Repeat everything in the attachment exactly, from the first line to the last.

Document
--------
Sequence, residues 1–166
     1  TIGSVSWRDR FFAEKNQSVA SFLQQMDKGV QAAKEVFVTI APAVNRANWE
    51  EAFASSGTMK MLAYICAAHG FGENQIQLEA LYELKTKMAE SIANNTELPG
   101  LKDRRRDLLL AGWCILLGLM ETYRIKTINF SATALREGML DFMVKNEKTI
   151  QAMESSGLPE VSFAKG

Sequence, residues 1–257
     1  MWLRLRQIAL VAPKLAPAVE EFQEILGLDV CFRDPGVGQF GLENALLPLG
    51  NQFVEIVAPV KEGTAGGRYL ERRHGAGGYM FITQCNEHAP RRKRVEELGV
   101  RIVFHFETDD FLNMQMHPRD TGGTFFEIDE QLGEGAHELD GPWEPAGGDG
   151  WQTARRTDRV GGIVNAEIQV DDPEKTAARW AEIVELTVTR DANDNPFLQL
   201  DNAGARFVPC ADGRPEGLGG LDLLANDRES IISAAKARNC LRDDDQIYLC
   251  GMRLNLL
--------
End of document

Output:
Sequence, residues 1–166
     1  TIGSVSWRDR FFAEKNQSVA SFLQQMDKGV QAAKEVFVTI APAVNRANWE
    51  EAFASSGTMK MLAYICAAHG FGENQIQLEA LYELKTKMAE SIANNTELPG
   101  LKDRRRDLLL AGWCILLGLM ETYRIKTINF SATALREGML DFMVKNEKTI
   151  QAMESSGLPE VSFAKG

Sequence, residues 1–257
     1  MWLRLRQIAL VAPKLAPAVE EFQEILGLDV CFRDPGVGQF GLENALLPLG
    51  NQFVEIVAPV KEGTAGGRYL ERRHGAGGYM FITQCNEHAP RRKRVEELGV
   101  RIVFHFETDD FLNMQMHPRD TGGTFFEIDE QLGEGAHELD GPWEPAGGDG
   151  WQTARRTDRV GGIVNAEIQV DDPEKTAARW AEIVELTVTR DANDNPFLQL
   201  DNAGARFVPC ADGRPEGLGG LDLLANDRES IISAAKARNC LRDDDQIYLC
   251  GMRLNLL